Effects of Random and Response Contingent Noise upon Disfluencies of Normal Speakers Twenty normal speakers read a passage during a 30-min session divided into Baserate (5 min), Conditioning (15 min), and Extinction (10 min). Each read in Random Condition and Contingent Condition. During Conditioning in Random Condition, subjects received 0.75 sec, 95 dB bursts of white noise according to a random schedule. ... Research Article
Research Article  |   March 01, 1969
Effects of Random and Response Contingent Noise upon Disfluencies of Normal Speakers
 
Author Affiliations & Notes
  • Robert H. Brookshire
    Veterans Administration Hospital, Kansas City, Missouri
Article Information
Research Articles
Research Article   |   March 01, 1969
Effects of Random and Response Contingent Noise upon Disfluencies of Normal Speakers
Journal of Speech, Language, and Hearing Research, March 1969, Vol. 12, 126-134. doi:10.1044/jshr.1201.126
History: Received July 8, 1968
 
Journal of Speech, Language, and Hearing Research, March 1969, Vol. 12, 126-134. doi:10.1044/jshr.1201.126
History: Received July 8, 1968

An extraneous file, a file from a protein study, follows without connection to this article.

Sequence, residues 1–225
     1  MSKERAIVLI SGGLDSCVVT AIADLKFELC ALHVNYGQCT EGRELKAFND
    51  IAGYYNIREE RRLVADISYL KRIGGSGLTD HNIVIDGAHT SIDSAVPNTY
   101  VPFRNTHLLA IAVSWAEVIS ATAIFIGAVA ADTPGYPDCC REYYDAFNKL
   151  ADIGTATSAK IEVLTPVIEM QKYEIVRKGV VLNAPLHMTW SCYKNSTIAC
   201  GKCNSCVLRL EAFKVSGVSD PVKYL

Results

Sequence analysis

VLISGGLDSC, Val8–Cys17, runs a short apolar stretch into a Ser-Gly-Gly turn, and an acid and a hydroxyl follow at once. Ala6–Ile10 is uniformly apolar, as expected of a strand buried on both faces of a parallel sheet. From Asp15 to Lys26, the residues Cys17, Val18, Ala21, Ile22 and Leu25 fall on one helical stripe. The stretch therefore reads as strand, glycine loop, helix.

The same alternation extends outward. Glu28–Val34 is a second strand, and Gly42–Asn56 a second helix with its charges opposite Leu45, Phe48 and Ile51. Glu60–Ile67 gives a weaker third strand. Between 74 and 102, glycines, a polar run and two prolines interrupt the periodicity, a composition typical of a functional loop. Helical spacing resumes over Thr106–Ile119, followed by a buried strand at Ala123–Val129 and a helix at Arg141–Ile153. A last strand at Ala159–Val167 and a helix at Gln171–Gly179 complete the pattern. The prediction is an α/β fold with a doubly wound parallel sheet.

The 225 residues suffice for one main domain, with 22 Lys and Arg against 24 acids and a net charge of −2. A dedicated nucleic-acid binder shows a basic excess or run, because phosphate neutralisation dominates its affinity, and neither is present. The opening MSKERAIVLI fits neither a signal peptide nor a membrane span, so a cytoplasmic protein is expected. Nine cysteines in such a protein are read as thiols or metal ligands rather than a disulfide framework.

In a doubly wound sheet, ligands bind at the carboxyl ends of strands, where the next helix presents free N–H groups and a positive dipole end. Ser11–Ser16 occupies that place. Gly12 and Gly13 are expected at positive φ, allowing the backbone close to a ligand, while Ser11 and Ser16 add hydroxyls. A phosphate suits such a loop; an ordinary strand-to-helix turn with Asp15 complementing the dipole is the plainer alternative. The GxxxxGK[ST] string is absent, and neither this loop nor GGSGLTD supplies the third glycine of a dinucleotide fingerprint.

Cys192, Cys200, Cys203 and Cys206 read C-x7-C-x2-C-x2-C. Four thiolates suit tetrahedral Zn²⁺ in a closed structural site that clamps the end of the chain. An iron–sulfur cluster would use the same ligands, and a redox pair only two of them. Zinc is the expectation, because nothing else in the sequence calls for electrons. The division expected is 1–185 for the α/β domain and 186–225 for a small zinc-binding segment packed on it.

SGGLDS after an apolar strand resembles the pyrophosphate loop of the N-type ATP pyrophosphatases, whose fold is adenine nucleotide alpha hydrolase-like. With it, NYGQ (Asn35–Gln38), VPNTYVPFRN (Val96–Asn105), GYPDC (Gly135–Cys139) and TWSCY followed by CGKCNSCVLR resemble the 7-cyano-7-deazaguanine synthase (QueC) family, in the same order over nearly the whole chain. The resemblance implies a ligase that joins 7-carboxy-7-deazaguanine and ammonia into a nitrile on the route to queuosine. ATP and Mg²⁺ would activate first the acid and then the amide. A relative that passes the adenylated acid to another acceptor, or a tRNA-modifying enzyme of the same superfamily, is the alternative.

Twenty normal speakers read a passage during a 30-min session divided into Baserate (5 min), Conditioning (15 min), and Extinction (10 min). Each read in Random Condition and Contingent Condition. During Conditioning in Random Condition, subjects received 0.75 sec, 95 dB bursts of white noise according to a random schedule. During Conditioning in Contingent Condition, subjects received a burst of 95 dB white noise each time they were disfluent. Ten subjects (Group RC) read in Random Condition on one day and in Contingent Condition on a subsequent day. The other 10 subjects read in the opposite order of conditions on the two days. Results indicated that the effects of random and contingent noise were influenced by the order of conditions. Random aversive stimuli caused increases in disfluency for subjects in both groups. Response contingent aversive stimuli caused a decrement in disfluency for subjects in Group CR, but not for subjects in Group RC. Analysis of poststimulus disfluency indicated that random aversive stimuli caused disorganization of the speech of subjects in Group RC.

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